Red meat could be linked to development of ankylosing spondylitis says new research
Natural antigens in red meat may play a role in ankylosing spondylitis, experts report in a leading academic journal.
We know that food allergies can alter the composition of the gut microbiome, which may increase the risk of conditions such as ankylosing spondylitis.
So a team set out to see if particular allergens affected a group of 75 people with ankylosing spondylitis, comparing them to 78 healthy people. The allergens under the spotlight were rice, egg, mushroom, milk, pork, chicken, beef, crab, codfish, corn, soybean, tomato, shrimp and wheat.
People with ankylosing spondylitis had much higher blood levels of beef-, crab-, and pork-specific antibodies than the group without ankylosing spondylitis. And the blood levels of pork-specific antibodies were correlated with a marker of inflammation (C-reactive protein). The authors conclude:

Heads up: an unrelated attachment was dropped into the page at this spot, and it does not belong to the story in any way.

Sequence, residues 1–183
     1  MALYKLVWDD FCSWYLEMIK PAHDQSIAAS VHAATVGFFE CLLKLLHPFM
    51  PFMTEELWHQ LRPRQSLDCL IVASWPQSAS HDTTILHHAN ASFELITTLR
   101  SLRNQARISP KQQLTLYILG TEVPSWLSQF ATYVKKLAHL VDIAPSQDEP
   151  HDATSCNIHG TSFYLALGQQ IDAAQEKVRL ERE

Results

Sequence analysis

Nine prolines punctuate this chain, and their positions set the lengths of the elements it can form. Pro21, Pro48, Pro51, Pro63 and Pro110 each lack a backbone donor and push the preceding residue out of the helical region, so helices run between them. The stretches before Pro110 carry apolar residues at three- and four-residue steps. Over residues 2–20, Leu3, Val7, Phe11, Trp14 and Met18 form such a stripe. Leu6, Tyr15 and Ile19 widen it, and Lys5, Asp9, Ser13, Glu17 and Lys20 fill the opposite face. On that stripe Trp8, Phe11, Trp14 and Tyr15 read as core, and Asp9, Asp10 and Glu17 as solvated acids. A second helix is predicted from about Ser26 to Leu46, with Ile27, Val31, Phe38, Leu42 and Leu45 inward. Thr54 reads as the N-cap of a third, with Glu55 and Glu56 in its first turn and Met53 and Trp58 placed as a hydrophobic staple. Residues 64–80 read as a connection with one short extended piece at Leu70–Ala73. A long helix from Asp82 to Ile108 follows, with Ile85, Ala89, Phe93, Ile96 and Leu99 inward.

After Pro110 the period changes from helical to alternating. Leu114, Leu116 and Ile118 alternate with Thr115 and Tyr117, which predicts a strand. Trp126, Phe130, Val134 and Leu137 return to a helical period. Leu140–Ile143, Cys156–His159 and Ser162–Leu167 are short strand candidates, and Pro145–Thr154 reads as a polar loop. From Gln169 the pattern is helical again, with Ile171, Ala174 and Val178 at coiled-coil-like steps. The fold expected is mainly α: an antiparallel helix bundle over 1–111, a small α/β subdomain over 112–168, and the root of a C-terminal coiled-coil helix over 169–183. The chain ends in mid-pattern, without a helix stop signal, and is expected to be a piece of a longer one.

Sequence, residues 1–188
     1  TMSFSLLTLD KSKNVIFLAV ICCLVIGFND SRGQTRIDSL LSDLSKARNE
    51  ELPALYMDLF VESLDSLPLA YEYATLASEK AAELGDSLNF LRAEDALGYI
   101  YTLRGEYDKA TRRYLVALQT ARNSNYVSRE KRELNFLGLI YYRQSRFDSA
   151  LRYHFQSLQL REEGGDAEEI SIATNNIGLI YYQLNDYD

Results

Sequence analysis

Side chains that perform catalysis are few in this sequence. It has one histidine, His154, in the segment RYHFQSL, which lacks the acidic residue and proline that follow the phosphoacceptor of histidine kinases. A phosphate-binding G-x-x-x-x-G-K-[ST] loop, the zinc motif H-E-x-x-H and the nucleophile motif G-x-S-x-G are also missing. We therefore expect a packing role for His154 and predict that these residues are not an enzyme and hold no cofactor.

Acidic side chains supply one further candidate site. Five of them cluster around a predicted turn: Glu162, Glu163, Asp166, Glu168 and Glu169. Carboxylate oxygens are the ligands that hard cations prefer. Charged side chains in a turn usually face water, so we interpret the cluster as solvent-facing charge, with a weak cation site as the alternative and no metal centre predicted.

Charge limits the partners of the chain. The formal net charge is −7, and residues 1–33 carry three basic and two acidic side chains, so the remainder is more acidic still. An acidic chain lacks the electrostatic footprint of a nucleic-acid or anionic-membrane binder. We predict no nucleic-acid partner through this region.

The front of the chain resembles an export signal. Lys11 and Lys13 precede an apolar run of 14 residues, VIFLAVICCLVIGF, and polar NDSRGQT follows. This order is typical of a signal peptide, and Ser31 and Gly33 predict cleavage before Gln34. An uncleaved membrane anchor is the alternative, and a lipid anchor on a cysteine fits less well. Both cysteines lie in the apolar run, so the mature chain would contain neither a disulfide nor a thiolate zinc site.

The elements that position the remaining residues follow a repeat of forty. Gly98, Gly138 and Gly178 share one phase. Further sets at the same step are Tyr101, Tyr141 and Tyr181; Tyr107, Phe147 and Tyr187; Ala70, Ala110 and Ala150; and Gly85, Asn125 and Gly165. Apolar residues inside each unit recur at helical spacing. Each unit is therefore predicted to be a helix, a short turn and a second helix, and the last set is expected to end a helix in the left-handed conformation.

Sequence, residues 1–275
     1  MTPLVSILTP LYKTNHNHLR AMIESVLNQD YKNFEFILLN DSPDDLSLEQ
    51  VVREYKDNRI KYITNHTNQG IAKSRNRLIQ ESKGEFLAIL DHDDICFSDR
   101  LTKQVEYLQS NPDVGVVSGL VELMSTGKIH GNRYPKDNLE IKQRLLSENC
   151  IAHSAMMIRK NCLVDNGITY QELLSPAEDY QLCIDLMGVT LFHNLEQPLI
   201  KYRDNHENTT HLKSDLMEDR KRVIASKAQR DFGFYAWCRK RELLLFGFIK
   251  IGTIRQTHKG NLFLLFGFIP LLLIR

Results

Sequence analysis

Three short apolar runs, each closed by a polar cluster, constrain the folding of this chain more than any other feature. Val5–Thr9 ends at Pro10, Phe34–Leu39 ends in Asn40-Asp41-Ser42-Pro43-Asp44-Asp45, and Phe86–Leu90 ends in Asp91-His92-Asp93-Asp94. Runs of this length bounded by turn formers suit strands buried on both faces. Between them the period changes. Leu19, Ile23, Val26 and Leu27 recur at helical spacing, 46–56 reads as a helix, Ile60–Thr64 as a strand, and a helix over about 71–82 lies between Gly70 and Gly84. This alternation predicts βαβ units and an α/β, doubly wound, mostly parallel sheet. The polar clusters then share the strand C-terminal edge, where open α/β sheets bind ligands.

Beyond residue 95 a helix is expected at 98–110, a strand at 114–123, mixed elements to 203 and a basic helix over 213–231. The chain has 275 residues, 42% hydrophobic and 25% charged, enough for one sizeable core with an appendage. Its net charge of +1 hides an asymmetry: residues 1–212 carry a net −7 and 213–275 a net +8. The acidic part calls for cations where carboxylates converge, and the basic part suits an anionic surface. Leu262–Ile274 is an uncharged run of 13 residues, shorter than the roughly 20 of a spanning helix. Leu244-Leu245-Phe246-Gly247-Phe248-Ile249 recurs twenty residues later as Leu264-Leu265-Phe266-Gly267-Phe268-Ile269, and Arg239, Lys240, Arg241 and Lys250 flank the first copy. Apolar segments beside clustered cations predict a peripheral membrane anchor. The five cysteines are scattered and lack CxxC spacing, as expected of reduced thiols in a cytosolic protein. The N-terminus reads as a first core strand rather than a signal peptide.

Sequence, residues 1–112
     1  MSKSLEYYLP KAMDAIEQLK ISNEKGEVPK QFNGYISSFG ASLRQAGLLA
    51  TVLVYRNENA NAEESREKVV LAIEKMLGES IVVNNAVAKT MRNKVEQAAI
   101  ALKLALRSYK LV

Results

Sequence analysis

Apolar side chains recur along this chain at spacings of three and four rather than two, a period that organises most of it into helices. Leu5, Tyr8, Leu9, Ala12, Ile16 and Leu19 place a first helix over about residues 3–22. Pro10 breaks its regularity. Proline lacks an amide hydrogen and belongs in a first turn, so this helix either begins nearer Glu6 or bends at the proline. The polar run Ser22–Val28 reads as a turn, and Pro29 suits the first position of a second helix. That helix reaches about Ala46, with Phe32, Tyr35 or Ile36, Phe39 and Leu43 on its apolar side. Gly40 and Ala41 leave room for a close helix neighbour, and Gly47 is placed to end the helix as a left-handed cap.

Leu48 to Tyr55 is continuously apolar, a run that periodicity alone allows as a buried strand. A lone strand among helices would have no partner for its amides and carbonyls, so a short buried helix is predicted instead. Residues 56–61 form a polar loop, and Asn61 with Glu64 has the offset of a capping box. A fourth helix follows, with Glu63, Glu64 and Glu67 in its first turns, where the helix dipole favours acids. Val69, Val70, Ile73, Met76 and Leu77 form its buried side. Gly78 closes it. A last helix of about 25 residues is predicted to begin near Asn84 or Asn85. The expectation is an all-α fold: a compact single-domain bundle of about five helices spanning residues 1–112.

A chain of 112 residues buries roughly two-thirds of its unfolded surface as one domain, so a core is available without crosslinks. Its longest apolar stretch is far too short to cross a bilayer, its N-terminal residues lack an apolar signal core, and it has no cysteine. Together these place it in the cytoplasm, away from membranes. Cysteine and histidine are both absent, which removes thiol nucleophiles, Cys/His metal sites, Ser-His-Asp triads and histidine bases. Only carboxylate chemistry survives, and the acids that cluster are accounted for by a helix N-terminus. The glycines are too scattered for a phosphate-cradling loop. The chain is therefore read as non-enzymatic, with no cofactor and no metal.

“These results suggest that… the predominant natural antigen in mammalian red meat, might play a potential role in the pathogenesis of ankylosing spondylitis, and therefore, ankylosing spondylitis patients should exclude such allergenic foods, including beef, crab and pork, from their daily diet.”
Click here to read the original research.
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